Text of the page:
ALBUM REVIEWS FOR FEBRUARY 7TH, 2016 by John The Rock Doctor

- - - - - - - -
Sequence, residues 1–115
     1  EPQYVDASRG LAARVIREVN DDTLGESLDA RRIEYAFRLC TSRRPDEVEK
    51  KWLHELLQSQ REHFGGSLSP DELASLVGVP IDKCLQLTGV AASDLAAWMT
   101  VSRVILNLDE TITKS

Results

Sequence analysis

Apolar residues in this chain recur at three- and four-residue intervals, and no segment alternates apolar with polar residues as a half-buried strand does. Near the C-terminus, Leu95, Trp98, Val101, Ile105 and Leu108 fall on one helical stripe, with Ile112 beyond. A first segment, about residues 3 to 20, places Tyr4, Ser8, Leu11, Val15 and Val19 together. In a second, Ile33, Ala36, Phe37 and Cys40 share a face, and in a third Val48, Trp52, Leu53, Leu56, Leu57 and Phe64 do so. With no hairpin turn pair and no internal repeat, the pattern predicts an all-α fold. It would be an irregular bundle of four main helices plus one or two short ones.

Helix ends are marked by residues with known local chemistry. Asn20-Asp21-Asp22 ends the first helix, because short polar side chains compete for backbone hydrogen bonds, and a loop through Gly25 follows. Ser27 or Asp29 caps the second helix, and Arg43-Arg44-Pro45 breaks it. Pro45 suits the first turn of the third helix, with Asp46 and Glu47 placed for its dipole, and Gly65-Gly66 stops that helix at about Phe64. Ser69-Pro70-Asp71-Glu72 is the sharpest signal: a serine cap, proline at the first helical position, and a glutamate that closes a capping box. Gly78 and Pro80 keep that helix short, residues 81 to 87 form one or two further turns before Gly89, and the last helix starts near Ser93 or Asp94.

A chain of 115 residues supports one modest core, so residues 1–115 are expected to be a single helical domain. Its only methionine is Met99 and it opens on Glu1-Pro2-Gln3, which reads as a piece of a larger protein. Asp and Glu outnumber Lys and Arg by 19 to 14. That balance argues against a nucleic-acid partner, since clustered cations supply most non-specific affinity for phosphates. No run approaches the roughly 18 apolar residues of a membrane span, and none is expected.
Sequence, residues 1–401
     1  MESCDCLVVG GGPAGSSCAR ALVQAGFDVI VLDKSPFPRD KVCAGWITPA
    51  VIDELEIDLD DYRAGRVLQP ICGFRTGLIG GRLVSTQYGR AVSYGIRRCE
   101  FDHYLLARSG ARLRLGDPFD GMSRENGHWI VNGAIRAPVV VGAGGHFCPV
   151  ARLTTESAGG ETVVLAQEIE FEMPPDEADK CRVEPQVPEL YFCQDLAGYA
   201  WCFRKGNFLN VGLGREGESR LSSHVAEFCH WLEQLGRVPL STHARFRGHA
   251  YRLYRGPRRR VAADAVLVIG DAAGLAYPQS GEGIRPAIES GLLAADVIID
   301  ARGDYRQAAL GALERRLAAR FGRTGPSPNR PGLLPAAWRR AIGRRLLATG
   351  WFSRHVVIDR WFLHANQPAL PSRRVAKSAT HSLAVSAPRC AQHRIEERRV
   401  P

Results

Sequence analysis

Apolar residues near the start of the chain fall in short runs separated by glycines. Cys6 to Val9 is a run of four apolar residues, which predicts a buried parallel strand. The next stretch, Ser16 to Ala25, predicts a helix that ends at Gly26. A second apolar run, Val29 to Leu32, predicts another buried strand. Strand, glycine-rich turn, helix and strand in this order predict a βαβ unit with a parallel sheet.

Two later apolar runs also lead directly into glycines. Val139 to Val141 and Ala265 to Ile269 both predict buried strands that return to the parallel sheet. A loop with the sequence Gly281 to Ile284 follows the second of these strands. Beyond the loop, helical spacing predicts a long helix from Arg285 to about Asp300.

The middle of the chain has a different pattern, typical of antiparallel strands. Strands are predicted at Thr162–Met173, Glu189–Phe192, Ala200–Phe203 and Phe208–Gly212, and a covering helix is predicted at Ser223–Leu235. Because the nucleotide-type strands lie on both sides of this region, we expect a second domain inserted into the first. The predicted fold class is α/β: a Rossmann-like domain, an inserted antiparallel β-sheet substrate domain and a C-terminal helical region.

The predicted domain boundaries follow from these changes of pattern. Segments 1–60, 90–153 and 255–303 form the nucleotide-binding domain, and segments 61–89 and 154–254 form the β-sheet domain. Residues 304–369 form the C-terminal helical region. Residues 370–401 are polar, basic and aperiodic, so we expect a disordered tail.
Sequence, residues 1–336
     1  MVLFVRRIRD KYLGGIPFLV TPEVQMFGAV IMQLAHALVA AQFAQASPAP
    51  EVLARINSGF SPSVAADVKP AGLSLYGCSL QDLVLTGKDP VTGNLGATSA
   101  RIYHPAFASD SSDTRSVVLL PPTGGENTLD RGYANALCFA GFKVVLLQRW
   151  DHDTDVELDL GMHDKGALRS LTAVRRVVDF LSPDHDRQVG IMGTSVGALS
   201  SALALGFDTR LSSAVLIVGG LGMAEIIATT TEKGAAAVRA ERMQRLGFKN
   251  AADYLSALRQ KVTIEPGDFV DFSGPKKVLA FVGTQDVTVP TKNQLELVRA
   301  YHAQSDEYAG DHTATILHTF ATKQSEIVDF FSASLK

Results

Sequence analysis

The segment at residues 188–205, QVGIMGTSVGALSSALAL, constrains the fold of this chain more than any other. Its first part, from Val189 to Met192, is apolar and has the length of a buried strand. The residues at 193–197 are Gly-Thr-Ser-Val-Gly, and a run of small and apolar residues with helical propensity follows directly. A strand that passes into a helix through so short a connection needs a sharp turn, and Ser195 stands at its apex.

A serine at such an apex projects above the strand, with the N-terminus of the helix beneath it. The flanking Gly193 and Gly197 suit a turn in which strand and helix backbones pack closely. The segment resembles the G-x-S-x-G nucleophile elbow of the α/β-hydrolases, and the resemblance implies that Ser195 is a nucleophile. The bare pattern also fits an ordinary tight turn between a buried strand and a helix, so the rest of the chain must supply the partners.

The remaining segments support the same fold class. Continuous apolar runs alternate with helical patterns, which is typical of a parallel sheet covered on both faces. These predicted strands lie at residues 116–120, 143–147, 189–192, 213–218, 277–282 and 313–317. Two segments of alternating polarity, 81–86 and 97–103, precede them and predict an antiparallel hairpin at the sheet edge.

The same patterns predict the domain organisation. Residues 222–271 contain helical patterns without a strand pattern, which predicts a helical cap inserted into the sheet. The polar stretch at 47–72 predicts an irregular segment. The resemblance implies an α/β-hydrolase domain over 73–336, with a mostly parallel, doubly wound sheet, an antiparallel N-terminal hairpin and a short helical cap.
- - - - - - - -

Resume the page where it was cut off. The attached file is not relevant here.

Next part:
Other than the deluxe reissues by Black Sabbath reviewed in late January, I haven’t written an album review in a couple of months.  I wanted to take a break over the holidays after writing the “Best Of 2015” column, and have been spending recent weeks working hard on my book of rock star interviews.  As a result, CD’s and downloads clamouring for attention are piling up on my desk and in my email.   In an effort to bring everything up to date, I took the last few days to blast through what was on hand for ‘quickie’ reviews.  My apologies to artists and records that deserve more attention, you know who you are.  Well, here we go… DYSTOPIA Megadeth (Universal) **** ½Every now and then, Megadeth veers off course and makes a record with an almost pop melodic sensibility, which they did with 2014’s Supercollider, then they come roaring back with something as hard as nails.  That’s what they’ve done here with Dystopia– after a throat operation Mustaine’s voice is gruffer and bassist Dave Ellefson is, frankly, playing his ass off.  New guitarist, Brazilian Kiko Louriero is the kick in the ass that Dave and Megadeth needed, and Lamb Of God drummer Chris Adler’s performance is explosive throughout.  The band hasn’t done an album this exciting in YEARS.  Mustaine’s political paranoia is still alive and well too.ESSENTIALS:  Lying In State, Dystopia, Death From Within CATCH ME IF YOU CAN The Carson Downey Band (ZEB) ***A blues disc here with a distinct funk feel and a bit of a jazz edge, kind of like a combination of Robert Cray and The Fabulous Thunderbirds.  The playing is excellent and Downey’s leads are sweet and expressive.  If I have a beef, though, it’s that the production is a little too clean, a little too perfect.  I usually prefer my blues with a little more grime and some dirt under the fingernails, but again the playing is great. Catch Me could be one of those records that grows on me over time- we’ll see.ESSENTIALS: Why Do It, I’ve Got Something To Say, Never Met A Woman BLUES GUITAR WOMEN Various Artists (Ruf) *****+Before Christmas I reviewed a double disc set from this label called Blues Harp Women, and in the press write-up I received it also mentioned this set, so I emailed the record company and asked them to send this too- for review, and for use on my radio shows.  Two discs, 29 cuts in all, from a list of chicks that just flat-out wail; including Ruthie Foster, Memphis Minnie, Sue Foley, Rory Block and more.  In the 26 years (as of this month) that I’ve been writing album reviews, this is one of the hottest blues compilations I’ve ever heard.ESSENTIALS:  Woke Up This Mornin’ (Ruthie Foster), Can’t Quit The Blues (Lara Price Band), Fixin’ To Die (Rory Block), In My Girlish Days (Memphis Minnie) WINDOW ON THE WORLD John McKinley (Independent) *****This guy (the band is a trio) really knows how to get your attention, kicking the door right off the hinges with a jet fuelled instrumental called Dirty Nails as track one.  It gets pretty smooth in some places and pretty nasty in others, with John and the guys covering a lot of territory in these dozen tracks.  McKinley’s tone is, I think, often nastier than his band which makes it feel a little unbalanced, but the songs are good, the musicianship borders on transcendent, and the instrumentals are just crazy-good.   This is a band with the talent and balls to do whatever they want and that’s always enjoyable.  Perfection.ESSENTIALS: Dirty Nails, Cuando Yo Me Voy (I’m Outta Here), Stratitude SCARY CREATURES Brainstorm (AFM) ***German power metallers, following up 2014’s Firesoul with a loud, crushing, fearsome slab of heavy metal.  Sort of reminds me of Accept (their German-ness a commonality no doubt), but this doesn’t grab me like Wolf and the guys do.  Big and dramatic to be sure, Scary Creatures is very 80’s in its wall-of-riffage approach.  I like this well enough out of the gate, but perhaps a few more spins are needed to get a full grasp on Scary Creatures.ESSENTIALS: We Are, Twisted Ways HIGH NOON Shakra (AFM) ****The band has mended fences and gotten back together with vocalist Mark Fox and Shakra are really kicking out the jams on their new album.  This is heavy metal in the traditional 80’s sense- melodic with taut, palm-muted riffing, ferocious (but not Cookie Monster) vocals and 4-on-the-floor locomotion that makes you want to throw the horns, pump your fist in the air and scream. A very easy album to get into straight away.ESSENTIALS: Hello (first single), Around The World, The Storm TURN IT UP LIVE!  Riot & The Blues Devils (Iguane/ZEB/ Universal)  *****I didn’t realize how much I missed Stevie Ray Vaughan & Double trouble until I threw this into the CD player.   This is the blues with rockabilly attitude- Riot sings his ass off, and his guitar playing is greasy and without fear.  He goes where angels fear to tread and the band lays in the pocket like a cobra ready to strike.  My only quibble, and it’s a minor one, is that instead of putting the songs together like one gig, they fade out on the applause after each number- though I guess that makes it easier to drop songs into your own road compilations,  This is severely hot stuff- oh MAMA!ESSENTIALS:  Finding The Blues, $150 Hat, I Miss My Woman DRIVING HOME Rick Fines (independent) ****Hard to nail this guy down to one style but one thing’s for sure, listening to this album makes you feel good.  Fines is described as warm-hearted blues, juke joint folk and dockside soul.  His vocal style is warm, friendly and inviting as he roams around through various linked styles without much regard for borders, and his stinging leads are a treat to listen to.  So many things on this album to like there’s no reaching for the ‘skip’ button- you’ll listen all the way through, and then want to hear it again.ESSENTIALS:  Ridin’ The Rails, Buttermilk Falls, The Winds Of Time SONNY BOY GUMBO’S BLUES Pat Loiselle (ZEB) *****+Jeez- every time I listen to an album like this- and it’s happened a lot today-  I miss doing a blues show so much my damaged heart aches.  This disc is just huge, bluesy fun.  “(This) is my first CD, it’s a look back at my first real love in music; old blues from Chess, Vee Jay, Atlantic, Modern and other legendary labels” says Pat, and that love shows. From the Bo Diddley beat that powers the opening track Pretty Thing to the tasty blues harp throughout, it’s an awesome set.  Some Loiselle original sit comfortably with old classics written by Elmore James, Robert Petway, John brim and more- he even covers The Rolling Stones’ No Expectations. Simply a fantastic album.ESSENTIALS:  Pretty Thing, Catfish Blues, No ExpectationsLONG LOST SUITCASE Tom Jones (Virgin/EMI) ****I bought this in November, around the same time I bought Tom’s excellent autobiography.  Released October 9th, this disc follows a similar path to records like Spirit In The Room and Praise & Blame. No Vegas cheese here, just straight up great singing with a vintage sound, the sound of a man that has nothing left to prove.  Even into his 70’s Jones is still a powerful vocalist and these tunes, produced to sound like they come from the 60’s are primal and powerful.  Do yourself a solid and pick up this disc along with the two mentioned above- GREAT stuff.ESSENTIALS: Bring It On Home (yes, the Zeppelin tune), Factory Girl, Elvis presley Blues 7 Seal (Reprise)  *** ½ Also from November this, Seal’s latest album, is a lush affair that explores love and all of its implications, idiosyncrasies and intricacies.  It’s his first album of original material since 2010, and it finds him reunited with producer Trevor Horn. “I tried to capture all of the wonderfully different dynamics of love, whether it’s the anger,  the acceptance, the bliss, the sadness, the elation or the recklessness” he says.  It’s smooth, romantic, well produced and very enjoyable, but doesn’t grab me quite like his early stuff did, and still does.  As my dad would’ve said, this is good belly-rubbin’ music.ESSENTIALS: Every Time I’m With You, Half A heart, The Big Love Has Died INTO THE LEGEND Rhapsody of Fire (AFM) ** ½ The latest from Italy’s symphonic metal Masters (yes, that’s a real genre) is dramatic, pompous and overblown, but extremely well played and enjoyable to listen to.  It feels like a lot of this just sort of goes over my head but I recognize first class musicianship with I hear it, and that band make your average guitar shredder sound like they wear over mitts when they play. This kind of thing is definitely an acquired taste and if I’m being completely honest here, I prefer my metal to be blues based.  Sorry, guys.ESSENTIAL: Into The Distant Sky WAITING FOR JUNE Harlan Wells (Last Tango) *** +This is the sort of album that kind of grabs you by the hand and says “come on in”.  Before the slide acoustic first number (Lonesome Road) was even half done, I had my feet up and was enjoying myself.  Harlan has been playing professionally since he was 15, and this 5 song set was produced by Peter Hamilton (Blue Rodeo, Leonard Cohen, Steve Earle), Waiting For June will certainly find favour with Blue Rodeo fans and those in general that like countrified music with a bluesy edge.  Billboard Magazine praises him as being “very reminiscent of great Canadian singer/ songwriters like Ian Tyson and Gordon Lightfoot”, and that tells you everything you need to know.ESSENTIALS:  Lonesome Road, Every Time It Rains GOODBYE MINE Lost & Profound (Last Tango) *****Described in the press release as “melancholy infused pop/ rock”, there’s a curious comfort and familiarity to the sound of this Toronto area group, kind of a cross between Blue Rodeo and Cowboy Junkies.  “A lot of the sadcore stuff we write gets pulled from reality” says singer Lisa Boudreau of her collaborations with lyricist/ guitarist/ producer Terry Tompkins, and indeed this is a sad sounding album- in a delicate, gorgeous way. “We’re okay with being described as ‘rock Carpenters’” says Tompkins. “Goodbye Mine was produced specifically with the warm, sparse production of the 70’s era in mind.”ESSENTIALS:  Until It Broke, Bad Sister, Goodbye Mine BOOM TOWN Victor Wainwright & The Wildroots (ZEB/ Blind Pig) *** ¾ I suppose the way to describe this is Dr. John and Leon Russell meet Long John Baldry.  Victor has won the coveted Blues Music Award for “Pinetop Perkins Piano Player Of The Year”, and if this disc is any indication his live shows must be a riot.  An energetic cocktail of boogie n blues, Boomtown is an explosive party album, the band is tight as hell, and I can sure believe when American Blues news declares “He is always entertaining and madly talented.  You will never see Victor play a room and not go over with the crowd in a big way.”  These aren’t sad blues at all.ESSENTIALS: Saturday Night Sunday Morning, When The Day Is Done, Piana’s Savannah Boogie ANYBODY LISTENING PART 2: DIALOGUES Cecile Doo-Kingue (Streaming Café) **** +A powerful and raw follow-up to 2015’s acoustic Monologues this, the middle part of a planned trilogy continues the social commentary begun on the first disc while adding disenfranchisement, self-gratification and religious fanaticism, but she also addresses the sweeter side of life on songs like Thankful. This set is also electric, displaying the Montreal-based singer/ songwriter as one of Canada’s great guitarists as she blazes through knuckle-dragging riffage and delicate lead lines.  Mostly tracked and entirely mixed at Bottega Studios in Kelowna, this album is VERY worthy of your attention.ESSENTIALS:  Anybody Listening, Riot & Revolution, Bloodstained Vodka LAST SOUTHERN BELLE Sandy Carroll (Catfood Records) ** ½ This one was a tough call- I really like it musically more than the core indicates, and Carroll is a good songwriter, but as a singer she just doesn’t grab me.  The songs are all about growing up in the south, a fascinating and fertile subject.  “I was a Southern Belle in training” Sandy says.  “I never graduated to full Southern Belle-hood, but those who did were the women of the 50’s and early 60’s- before eyes were opened, before civil rights, before equal rights for women.  It was unhip to be a Southern Belle after that- there were more important things than matching pearls and beauty pageants.  We were on the front lies.”  Last Southern Belle is one of those records that will require more attention and examination than a single spin for me to absorb and appreciate.ESSENTIALS:  Headin’ Out On Empty, The Nothing In Your Eyes, Southern Woman MONKEY BRAIN Sean Pinchin (independent) ****Here is a dirty, grimy, gritty, rockin’ blues record that sounds like a roadhouse with a sawdust floor on a Saturday night, and a worthy follow-up to 2013’s Rustbucket.  Co-written with and produced by Rob Szabo (as was Rustbucket), the songs were recorded quickly and live off the floor, old school, as this type of music should be done. “Here’s a guy who’s been playing onstage 180 shows a year for the last year and it shows” says Szabo. “He can play- Sean is the real deal.”  The way thi disc swaggers and rocks is hard to shake- I expect this disc will be doing some serious time in my CD player.ESSENTIALS:  Monsters, Monkey Brain, Charity Case 21st CENTURY BLUES Van Wilks (Texas ’51) ***The album cover looks like a take-off of Van Halen’s A Different Kind of Truth and the guitar boogie found inside sounds like it could be a long-lost ZZ Top disc- in fact Billy Gibbons co-wrote Drive By Lover. “The record I my take on contemporary blues” says Wilks. “The common thread that holds it all together is my guitar.  It’s just that low down, wound up, rockin’ Texas blues’ he proclaims. I prefer my blues a little dirtier than some of these tunes, but the slow stuff like Just Walk Away (the solo is gorgeous) really works.  I expect 21st Century Blues will grow on me in the months ahead.ESSENTIALS: Just Walk Away, 21st Century Blues, Midnight Crossing TIGER IN A CAGE Johnny Rawls (Catfood records) ***+Some smooth Texas soul blues to follow Johnny’s Soul Brothers of 2014, and I would almost call it smooth.  The man has a great singing voice, no wonder he’s been nominated more than once for Blues Foundation awards.  This set features 9 originals and 3 very interesting covers; Sam Cooke’s Having a Party, Jackie Wilson’s Your Love is Lifting me Higher and The Rolling Stones’ Beast of Burden. Though I’m not particularly in the mood for this disc today, you can hardly go wrong with throwing this on at your next house party.  It’s not all that rowdy, but it will show you a good time- that I promise.ESSENTIALS: Every Woman Needs A Working Man, Beast Of Burden, Born To The Blues GOD + BOOZE Mr Rick (independent) ***An engaging and somewhat surprising set from Rick Zolkower, Mr. Rick Sings About God + Booze is a real charmer. Billed as gospel, blues and Americana, I’d throw old timey-country into that list too, thanks to some tasty fiddle work from Drew Jurecka. Writing credits on only one track is credited to Rick, with the rest coming from people like  Sleepy John Estes. “The songs on this CD were woven into my musical heart at a young age” notes Rick.  Since I was old enough to turn on a radio, my ears was always drawn to blues, country and gospel music, which was still on the radio back then- let’s just have fun with it.”ESSENTIALS: One Kind Favor, You’ll Need Someone On Your Bond, Liquor Store Blues